Multiplication of Surds

Definitions of surds: A root of a positive real quantity is called a surd if its value cannot be exactly determined. It is a number that can’t be simplified to remove a square root (or cube root etc). For example, each of the quantities √3, ∛7, ∜19, (16)^2/5 etc. is a surd.

More Examples:

  • √2 (square root of 2) can’t be simplified further so it is a surd
  • √4 (square root of 4) CAN be simplified to 2, so it is NOT a surd

Multiplication of Surds

Follow the following steps to find the multiplication of two or more surds.

Step I: Express each surd in its simplest mixed form.

Step II: Observe whether the given surds are of the same order or not.

Step III: If they are of the same order then the required product is obtained by multiplying the product of the rational co-efficient by the product of surd-factors.

If they are of different orders then the product is obtained by the above method after reducing them to surds of the same order.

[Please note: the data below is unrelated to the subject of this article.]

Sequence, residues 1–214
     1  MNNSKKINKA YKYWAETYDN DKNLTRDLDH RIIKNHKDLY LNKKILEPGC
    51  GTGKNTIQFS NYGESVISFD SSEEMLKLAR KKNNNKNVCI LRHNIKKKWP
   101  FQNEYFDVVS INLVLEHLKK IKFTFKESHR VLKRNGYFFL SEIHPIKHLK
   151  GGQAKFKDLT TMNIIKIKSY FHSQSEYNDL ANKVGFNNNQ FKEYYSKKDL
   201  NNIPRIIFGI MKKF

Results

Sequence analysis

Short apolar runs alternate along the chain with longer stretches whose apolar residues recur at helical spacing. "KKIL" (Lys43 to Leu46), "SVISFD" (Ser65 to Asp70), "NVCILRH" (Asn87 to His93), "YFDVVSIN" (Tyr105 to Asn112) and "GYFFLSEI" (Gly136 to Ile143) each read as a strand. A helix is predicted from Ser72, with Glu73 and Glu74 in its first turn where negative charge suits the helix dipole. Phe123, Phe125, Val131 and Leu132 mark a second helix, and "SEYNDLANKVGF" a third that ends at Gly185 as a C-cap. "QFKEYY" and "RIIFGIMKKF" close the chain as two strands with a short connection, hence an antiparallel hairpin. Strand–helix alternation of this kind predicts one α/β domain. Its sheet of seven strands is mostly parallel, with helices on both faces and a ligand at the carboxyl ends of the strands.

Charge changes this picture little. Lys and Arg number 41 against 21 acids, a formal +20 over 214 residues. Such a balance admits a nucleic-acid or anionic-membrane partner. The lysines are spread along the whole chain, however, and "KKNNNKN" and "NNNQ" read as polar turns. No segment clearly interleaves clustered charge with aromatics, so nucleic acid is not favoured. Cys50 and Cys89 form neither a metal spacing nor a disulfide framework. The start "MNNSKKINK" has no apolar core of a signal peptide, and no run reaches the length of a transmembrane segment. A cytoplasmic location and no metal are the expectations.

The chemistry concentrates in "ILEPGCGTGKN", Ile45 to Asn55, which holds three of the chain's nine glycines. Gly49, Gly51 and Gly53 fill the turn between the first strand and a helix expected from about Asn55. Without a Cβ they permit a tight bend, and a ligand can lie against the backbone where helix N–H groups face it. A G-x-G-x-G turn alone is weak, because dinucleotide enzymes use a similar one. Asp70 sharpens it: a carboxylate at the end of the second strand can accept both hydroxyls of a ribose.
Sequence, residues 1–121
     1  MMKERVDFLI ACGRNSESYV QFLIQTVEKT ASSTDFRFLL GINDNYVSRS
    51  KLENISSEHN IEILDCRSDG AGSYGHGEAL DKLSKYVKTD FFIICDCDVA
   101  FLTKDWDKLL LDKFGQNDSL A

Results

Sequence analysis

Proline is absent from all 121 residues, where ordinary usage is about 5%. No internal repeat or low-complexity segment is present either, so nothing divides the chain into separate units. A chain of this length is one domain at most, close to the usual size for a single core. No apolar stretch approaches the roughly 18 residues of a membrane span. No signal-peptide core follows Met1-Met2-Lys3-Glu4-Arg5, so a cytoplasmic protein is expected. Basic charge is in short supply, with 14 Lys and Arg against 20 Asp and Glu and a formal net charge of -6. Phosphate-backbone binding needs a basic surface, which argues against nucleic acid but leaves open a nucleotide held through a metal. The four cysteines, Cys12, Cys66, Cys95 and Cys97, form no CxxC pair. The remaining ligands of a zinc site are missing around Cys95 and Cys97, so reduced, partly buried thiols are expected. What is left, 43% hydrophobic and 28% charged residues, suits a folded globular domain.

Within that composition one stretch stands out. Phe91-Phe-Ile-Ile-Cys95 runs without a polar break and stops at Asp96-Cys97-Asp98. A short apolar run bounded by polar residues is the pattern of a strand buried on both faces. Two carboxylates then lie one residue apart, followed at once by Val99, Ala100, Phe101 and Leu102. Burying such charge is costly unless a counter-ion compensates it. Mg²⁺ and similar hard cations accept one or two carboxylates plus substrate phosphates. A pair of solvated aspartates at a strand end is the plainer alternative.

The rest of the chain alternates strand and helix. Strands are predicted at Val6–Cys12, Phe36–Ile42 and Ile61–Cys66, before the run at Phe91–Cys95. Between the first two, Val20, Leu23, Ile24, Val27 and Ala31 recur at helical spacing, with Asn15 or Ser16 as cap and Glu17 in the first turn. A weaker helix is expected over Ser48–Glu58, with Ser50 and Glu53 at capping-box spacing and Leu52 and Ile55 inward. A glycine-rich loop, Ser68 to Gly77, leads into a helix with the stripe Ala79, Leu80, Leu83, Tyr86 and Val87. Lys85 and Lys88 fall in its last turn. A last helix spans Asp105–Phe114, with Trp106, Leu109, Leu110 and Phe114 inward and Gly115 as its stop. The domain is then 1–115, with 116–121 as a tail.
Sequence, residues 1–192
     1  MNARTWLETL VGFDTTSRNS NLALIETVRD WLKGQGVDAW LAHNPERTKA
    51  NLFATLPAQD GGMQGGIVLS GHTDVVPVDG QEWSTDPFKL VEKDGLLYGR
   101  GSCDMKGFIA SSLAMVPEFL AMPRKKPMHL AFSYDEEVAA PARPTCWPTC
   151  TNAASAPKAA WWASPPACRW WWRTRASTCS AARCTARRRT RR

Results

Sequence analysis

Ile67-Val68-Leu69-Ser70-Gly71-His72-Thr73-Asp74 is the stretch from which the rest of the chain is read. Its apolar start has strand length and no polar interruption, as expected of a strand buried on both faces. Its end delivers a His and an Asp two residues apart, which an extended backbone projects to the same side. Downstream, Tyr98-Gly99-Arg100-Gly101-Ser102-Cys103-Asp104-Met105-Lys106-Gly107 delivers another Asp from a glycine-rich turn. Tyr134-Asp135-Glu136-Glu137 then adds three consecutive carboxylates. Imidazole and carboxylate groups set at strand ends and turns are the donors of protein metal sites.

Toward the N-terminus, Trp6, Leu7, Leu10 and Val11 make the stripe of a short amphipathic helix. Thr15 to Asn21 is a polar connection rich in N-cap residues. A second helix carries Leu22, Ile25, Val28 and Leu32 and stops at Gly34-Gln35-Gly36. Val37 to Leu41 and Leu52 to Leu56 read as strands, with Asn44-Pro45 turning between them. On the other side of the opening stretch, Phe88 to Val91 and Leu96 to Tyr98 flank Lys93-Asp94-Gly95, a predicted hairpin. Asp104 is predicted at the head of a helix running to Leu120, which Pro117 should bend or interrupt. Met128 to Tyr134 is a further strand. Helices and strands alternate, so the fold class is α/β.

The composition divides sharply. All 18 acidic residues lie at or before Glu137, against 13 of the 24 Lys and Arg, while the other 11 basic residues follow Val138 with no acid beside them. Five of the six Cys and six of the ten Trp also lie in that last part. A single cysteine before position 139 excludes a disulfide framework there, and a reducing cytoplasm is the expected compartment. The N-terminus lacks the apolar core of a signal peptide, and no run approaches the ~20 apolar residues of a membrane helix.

If different order surds have the same base then their product can easily be obtained using the laws of indices.

Examples of multiplication of surds:

Find the product of 74 and 53

Solution:

The product of 7∜4 and 5∜3

= (7∜4) × (5∜3)

= (7 × 5) × (∜4 × ∜3)

= 35 × 4√(4⋅3)

= 35 × ∜12

= 35∜12

Find the product of 2√12, 7√20 and √32

Solution:

The product of 2√12, 7√20 and √32

= (2√12) × (7√20) × (√32)

= (2√(2⋅2⋅3) × (7√(2⋅2⋅5) × √(2⋅2⋅2⋅2⋅2)

= (4√3) × (14√5) × (4√2)

= (4 × 14 × 4) × (√3 × √5 × √2)

= 224 × √(3⋅5⋅2)

= 224 × √30

= 224√30

 

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